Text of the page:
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Thread: Question @ Dutch (Anyone May Reply)

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    Question Question @ Dutch (Anyone May Reply)

    I have a question about why the Benelux countries, The Netherlands in particular, have been invaded by Germany in may 10th. 1940. Have there been violations of Dutch (or any other Benelux) airspace earlier than may 10th. 1940 of any side?
    The German foreign minister held following speech:

    (Berlin) German Foreign Minister Joachim von Ribbentrop informs the foreign press that Germany had seized the initiative by anticipating Anglo-French aggression in the Ruhr area over Netherlands and Belgian territory. He presents evidence that Netherlands and Belgium were not acting as neutrals, that they were defending only on the German border, and allowing British and French assistance in attempting revolution in Germany. German forces in the Netherlands, Belgium, and Luxembourg would ast as protectors and take steps to ensure their neutrality.
    http://www.islandnet.com/~kpolsson/today/510.htm

    How serious are these claims?


    I could not find an answer here, still interesting:
    http://www.waroverholland.nl/index.php?page=introduction

    Thank´s in advance.
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    Yes, both RAF and German planes violated Dutch and Belgian airspace , and to a lesser extent the French, in the context of reconnaissance missions, both before september 1939 and after the start of WOII. Even Belgium had a spy plane checking on the Dutch in the thirties. The German attempts to map the Dutch/Belgian fortifications and landscape is best known by historians.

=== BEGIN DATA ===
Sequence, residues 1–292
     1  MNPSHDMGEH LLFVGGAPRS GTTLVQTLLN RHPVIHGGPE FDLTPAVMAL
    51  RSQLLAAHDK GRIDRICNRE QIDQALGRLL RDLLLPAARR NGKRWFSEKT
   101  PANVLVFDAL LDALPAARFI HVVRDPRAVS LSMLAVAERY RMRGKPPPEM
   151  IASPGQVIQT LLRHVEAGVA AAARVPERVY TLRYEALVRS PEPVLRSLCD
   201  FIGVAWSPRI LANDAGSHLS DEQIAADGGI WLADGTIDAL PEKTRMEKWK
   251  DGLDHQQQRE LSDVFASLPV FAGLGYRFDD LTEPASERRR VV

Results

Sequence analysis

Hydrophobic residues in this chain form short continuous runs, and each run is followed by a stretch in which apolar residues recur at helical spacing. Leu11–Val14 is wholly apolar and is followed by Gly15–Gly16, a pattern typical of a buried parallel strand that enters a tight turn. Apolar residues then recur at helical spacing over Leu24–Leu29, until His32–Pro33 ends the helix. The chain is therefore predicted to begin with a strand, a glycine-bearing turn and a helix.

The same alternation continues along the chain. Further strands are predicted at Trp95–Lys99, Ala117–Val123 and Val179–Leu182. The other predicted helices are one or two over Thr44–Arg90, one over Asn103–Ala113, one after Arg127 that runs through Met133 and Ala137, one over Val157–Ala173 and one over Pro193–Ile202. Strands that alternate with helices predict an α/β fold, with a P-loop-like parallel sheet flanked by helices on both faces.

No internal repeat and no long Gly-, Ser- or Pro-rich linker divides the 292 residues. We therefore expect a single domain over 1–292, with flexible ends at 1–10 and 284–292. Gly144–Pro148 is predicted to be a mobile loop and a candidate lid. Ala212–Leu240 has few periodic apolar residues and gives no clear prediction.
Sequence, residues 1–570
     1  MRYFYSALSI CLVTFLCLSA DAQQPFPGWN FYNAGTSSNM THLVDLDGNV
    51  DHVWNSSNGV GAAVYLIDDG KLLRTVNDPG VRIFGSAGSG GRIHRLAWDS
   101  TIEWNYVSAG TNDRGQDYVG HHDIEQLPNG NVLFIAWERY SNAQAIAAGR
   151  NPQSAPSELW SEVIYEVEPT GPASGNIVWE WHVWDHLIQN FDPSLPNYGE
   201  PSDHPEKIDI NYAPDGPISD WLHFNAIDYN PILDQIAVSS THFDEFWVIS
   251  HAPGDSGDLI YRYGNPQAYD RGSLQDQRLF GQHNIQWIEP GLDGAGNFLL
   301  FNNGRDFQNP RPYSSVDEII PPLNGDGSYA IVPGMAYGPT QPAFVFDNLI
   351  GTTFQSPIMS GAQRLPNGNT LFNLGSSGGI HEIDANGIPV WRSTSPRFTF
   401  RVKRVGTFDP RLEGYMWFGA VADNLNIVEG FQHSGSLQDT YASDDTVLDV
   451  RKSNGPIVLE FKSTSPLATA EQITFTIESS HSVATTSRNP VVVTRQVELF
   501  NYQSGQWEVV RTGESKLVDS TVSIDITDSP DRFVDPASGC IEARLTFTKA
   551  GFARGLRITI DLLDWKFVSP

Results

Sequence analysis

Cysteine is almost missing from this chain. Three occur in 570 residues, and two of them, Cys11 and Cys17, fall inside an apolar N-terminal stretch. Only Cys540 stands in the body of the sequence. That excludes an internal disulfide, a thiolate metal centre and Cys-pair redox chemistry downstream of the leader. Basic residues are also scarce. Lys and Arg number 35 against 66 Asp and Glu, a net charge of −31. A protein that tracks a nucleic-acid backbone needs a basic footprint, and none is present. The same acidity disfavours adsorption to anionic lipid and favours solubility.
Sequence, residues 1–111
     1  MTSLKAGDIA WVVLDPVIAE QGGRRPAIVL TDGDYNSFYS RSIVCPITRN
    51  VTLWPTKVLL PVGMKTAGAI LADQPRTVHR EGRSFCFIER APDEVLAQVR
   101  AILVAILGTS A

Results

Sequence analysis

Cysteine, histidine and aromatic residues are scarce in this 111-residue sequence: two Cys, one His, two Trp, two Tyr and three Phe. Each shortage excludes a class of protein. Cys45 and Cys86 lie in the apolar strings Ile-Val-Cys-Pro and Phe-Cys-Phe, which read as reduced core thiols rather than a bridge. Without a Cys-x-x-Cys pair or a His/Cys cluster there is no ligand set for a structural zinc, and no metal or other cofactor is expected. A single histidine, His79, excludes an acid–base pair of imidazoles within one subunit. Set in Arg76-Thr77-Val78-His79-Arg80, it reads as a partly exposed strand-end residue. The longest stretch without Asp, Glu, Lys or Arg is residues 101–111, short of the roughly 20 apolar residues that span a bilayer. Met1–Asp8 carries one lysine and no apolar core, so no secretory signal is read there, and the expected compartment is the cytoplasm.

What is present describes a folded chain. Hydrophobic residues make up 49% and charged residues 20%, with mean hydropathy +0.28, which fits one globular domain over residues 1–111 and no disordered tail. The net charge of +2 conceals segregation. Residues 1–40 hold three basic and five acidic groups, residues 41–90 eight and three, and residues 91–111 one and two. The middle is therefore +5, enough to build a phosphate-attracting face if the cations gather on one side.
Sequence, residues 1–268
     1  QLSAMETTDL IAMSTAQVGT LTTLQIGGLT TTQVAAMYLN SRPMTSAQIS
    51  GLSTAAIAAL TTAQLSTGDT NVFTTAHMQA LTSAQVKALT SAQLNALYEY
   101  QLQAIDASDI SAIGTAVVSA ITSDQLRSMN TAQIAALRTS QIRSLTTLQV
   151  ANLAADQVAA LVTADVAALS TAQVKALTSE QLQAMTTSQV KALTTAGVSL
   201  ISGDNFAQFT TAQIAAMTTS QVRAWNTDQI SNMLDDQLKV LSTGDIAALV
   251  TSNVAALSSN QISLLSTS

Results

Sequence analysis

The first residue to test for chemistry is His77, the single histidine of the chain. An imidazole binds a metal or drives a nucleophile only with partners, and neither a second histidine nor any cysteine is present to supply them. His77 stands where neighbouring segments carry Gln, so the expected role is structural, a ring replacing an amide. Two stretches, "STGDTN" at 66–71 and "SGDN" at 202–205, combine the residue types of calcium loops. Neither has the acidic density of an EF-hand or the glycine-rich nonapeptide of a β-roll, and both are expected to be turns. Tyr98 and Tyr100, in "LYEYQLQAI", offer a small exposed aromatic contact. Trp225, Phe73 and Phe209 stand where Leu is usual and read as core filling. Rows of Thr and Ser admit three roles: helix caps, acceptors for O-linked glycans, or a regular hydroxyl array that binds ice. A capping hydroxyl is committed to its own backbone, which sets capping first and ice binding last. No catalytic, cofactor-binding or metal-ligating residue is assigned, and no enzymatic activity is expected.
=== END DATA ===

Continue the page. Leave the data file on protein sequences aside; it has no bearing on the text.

Lufthansa aircraft took photos from Vesting Holland and the Peel-Raamstelling at the beginning of 1939, which explains why the Germans had aerial photos of Rotterdam before the war with Poland.

    On the 16th and the 17th of October there were spy planes above Noord-Brabant, according to the Dutch army. And more aircraft on 21 november in the sky above Zeeland and Hollands Diep, RAF radar noticed these. On the 11th of december the Luftwaffe flew over the Rotterdam area, taking photos from a great height.

    Belgian aircraft engaged British bombers when they came back from a mission above Germany on the 9th of september above nijvel, resulting in the loss of one aircraft for each side. In october the Germans made more trips, flying too high for the Belgian air defenses to intervene. Some of them flew by fast, others take an agressive stance while taking their time when scouting out an area.

    In the first months of 1940 there would be a lot more activity, and German aircraft were noticed on a regular basis in the Benelux. The Lufwaffe didn't really try to conceal what they were doing, in this period. In March one Belgian fighter is shot down by the Germans in a dogfight above the Ardennes. The Dutch discovered German scout planes on the 20th of january, this time the Rhine/Waal/Meuse areas were caught on tape.